Many grammarians feel that the parentheses can, in fact, be replaced by commas in nearly all cases.You use parentheses much more often than you use brackets.Before we move on, we need to address one issue: how to use terminal punctuation marks with parentheses.If your sentence starts with an opening parenthesis, then what’s inside your parentheses is a complete sentence.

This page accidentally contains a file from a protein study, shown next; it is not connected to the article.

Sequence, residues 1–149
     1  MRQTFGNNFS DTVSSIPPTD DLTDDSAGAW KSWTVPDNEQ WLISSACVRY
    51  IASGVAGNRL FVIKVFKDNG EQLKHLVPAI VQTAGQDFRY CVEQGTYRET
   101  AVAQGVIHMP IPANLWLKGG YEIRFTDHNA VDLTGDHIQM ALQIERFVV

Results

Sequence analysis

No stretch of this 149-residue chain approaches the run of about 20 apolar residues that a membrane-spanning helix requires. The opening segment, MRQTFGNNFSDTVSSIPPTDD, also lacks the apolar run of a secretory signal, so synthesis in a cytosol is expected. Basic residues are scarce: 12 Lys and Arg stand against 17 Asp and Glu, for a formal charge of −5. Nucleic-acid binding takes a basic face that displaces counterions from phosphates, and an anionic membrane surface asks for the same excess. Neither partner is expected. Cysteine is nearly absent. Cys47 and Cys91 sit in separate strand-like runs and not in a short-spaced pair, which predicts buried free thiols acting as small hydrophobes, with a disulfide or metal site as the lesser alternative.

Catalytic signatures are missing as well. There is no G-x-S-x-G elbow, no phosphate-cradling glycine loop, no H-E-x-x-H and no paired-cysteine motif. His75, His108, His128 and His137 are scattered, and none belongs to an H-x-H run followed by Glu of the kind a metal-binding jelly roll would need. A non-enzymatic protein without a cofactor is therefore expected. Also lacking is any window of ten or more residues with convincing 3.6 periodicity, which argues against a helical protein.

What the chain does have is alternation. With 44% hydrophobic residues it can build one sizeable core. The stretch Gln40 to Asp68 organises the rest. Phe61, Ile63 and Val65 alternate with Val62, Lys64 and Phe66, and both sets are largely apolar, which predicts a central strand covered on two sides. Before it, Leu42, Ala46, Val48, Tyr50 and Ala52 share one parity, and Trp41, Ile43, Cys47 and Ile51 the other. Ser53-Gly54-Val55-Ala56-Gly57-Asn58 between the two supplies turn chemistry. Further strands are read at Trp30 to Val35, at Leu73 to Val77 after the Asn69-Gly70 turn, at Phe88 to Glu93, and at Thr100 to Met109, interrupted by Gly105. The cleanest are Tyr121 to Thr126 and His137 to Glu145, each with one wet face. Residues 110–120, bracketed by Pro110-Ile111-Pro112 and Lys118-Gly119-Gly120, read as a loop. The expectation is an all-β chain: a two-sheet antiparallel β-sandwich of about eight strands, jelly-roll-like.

"Fences" is a broad term describing parentheses, brackets, and braces used in math typesetting.The brace symbols themselves are reserved for complex coding.The Codecheck function double checks for you to determine if parentheses and brackets have been correctly used.Follow the generally accepted practices, unless APS style differs.Use parentheses to indicate supplementary expressions. In APS journals, the order of fences is always i.e., parentheses, square brackets, curly braces.In essence, the information in the parentheses is a nonessential modifier; it gives the reader additional information that's by no means crucial. To order this book direct from the publisher, visit the Penguin USA website or call 1-800-253-6476.You can also purchase this book at and Barnes & Noble.Avoid heavy use of multiple, nested parentheses in text except when used to list chemicals or data. References are usually cited at the end of sentences surrounded by parentheses (14).When possible, use commas or semicolons to set off parenthetical phrases. At some point, you may receive a manuscript where the author has used brackets around the reference citations instead of parentheses; in this case, it is helpful to globally change all "[ to (" and ") to ]" with MSWord (at the toolbar, click Edit, go to Replace, type in the specific mark to be changed, and replace each mark individually as the function proceeds).When possible, use commas or semicolons to set off parenthetical phrases. See the sections on Manufacturer Names and Parenthetical Text for more information about how to present information in parentheses.Today Bonnie Trenga will help us talk about three punctuation marks: one you undoubtedly know how to use, another you possibly misuse, and yet another you’ve likely never used.